Liked by 1 person

  3. I camped up in the National Forest above Sedalia a couple of summers ago. I awoke sometime in the night to the howls of coyotes. I stayed awake for a while listening to the hoots of owls, the howls of coyotes, and other night-time forest sounds – it would be very easy to imagine things in the dark out there! 🙂

    Liked by 1 person

    You are SO BRAVE! I can’t even drive by cemeteries! Let alone during a storm and blindfolded!!! (even if I’m not alone)
    So…. WOW
    This is some hardcore immersion and I’m SUPER impressed! WTG Priscilla!
    “desiccated hair from an old corpse” that’s a great sensorial 🙂

    The reading in the dark… Maybe I could pull that off if I’m gripping hubby’s hand, digging my nails in and skipping the staring into a any shadowed anything, especially corners. And definitely not laying on the floor in the darkness!!! for some reason monsters do love darkness. 🙂

    I love “what-If”s the best stories generators 🙂
    I’m terrified but enjoyed this post SO MUCH! xoxo

    Liked by 1 person

  5. Genius! I’m not particularly scared of graveyards, but I discovered recently that I have an irrational fear of industrial ruins – run down factories and deserted quarries, etc. To go to such a place late at night would be a real challenge…

    Liked by 1 person

  6. I love this idea! What a great what to quiet the senses and inspire our imagination. I actually do my best thinking at night, lying in bed in the dark, before I fall asleep. Makes sense now. I’m quietting the world to listen to my own ideas.

    Liked by 1 person

  7. I haven’t been getting notified of your posts for some reason, but I just signed up again so hopefully that will change.

    I love walking through cemeteries and examining tombstones, but I don’t think I’d want to stand in one blindfolded. And there is no way I’d have dangling feet or hands in the dark where I couldn’t see. Even today, I can’t let my foot or hand hang over the side of the bed at night (you never know what might be lurking in the darkness, LOL).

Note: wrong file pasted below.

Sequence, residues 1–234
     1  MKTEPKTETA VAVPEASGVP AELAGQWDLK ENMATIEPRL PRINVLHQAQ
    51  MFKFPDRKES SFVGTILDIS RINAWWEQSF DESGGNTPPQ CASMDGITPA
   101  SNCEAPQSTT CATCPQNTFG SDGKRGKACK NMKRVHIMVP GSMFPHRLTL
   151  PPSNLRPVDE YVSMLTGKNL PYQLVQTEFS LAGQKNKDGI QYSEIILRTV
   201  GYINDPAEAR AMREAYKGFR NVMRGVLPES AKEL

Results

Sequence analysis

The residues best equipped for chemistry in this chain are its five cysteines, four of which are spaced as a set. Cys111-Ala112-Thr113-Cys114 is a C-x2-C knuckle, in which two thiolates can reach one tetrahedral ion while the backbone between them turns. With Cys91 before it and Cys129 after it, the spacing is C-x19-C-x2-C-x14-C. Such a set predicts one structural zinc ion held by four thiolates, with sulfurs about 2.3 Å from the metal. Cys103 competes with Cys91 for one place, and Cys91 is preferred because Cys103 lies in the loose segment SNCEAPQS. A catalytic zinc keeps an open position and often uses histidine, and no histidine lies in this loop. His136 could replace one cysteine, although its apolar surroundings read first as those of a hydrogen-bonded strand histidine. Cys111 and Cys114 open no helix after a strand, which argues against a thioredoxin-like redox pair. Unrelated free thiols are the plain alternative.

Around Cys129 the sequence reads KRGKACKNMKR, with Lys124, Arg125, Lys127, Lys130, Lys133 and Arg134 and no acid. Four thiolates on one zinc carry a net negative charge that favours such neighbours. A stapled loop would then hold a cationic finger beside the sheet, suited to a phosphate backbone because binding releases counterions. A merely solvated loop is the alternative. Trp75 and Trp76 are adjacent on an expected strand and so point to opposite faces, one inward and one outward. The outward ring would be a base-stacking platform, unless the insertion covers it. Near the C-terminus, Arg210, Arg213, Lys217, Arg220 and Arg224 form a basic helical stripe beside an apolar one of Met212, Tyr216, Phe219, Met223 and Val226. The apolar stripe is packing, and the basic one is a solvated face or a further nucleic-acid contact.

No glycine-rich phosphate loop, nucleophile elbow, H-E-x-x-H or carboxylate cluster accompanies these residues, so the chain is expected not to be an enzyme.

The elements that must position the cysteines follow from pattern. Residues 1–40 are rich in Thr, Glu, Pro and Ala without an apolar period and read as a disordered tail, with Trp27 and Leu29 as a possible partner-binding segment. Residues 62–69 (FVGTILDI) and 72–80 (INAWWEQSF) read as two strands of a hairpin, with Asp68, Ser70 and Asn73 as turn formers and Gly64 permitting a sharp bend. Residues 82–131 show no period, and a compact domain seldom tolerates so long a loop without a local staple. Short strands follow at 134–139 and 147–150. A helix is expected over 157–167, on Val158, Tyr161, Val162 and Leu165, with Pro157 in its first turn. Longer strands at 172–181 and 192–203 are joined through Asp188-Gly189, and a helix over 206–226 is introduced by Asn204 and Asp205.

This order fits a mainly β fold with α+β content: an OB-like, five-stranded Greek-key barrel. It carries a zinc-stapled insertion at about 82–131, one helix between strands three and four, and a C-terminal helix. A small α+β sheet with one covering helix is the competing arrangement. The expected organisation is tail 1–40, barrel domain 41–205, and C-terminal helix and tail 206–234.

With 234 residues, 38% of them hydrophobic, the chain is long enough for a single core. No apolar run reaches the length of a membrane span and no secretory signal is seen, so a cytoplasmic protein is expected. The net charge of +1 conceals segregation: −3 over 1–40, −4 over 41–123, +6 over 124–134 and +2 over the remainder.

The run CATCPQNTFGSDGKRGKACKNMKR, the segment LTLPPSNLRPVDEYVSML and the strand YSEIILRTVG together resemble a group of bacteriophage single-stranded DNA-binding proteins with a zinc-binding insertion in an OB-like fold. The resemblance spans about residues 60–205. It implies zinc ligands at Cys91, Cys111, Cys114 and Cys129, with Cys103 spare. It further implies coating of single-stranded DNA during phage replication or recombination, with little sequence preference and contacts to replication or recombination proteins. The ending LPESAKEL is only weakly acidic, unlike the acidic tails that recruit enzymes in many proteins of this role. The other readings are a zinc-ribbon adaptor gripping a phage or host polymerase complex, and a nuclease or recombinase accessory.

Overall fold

A cool experiment, Priscilla, and a great post!

    Liked by 1 person

    1. Your comment reminds me of when I was a kid. I’d flip the light switch in my bedroom then try to run and jump on my bed before the room went dark for fear of clawed, grey hands from under my bed snagging my feet.

      I was missing some WP notifications, too, and had to go back into my Reader and turn them on for those individual blogs. Of course, you wouldn’t get notified that often because I only post, like, every two weeks or so.

      Thanks for stopping by, Mae!

      Liked by 1 person

  8. This is great. I’m not sure what would work for me. I would have to try each of these to see.

    I would feel the most vulnerable with the e-book and probably be curious at the cemetery. I think the one that intrigues me the most is the What-If Game. Our minds grow use to routine and once we spy something out of place we lock on to it.

    Another great post, Mae.

    Liked by 1 person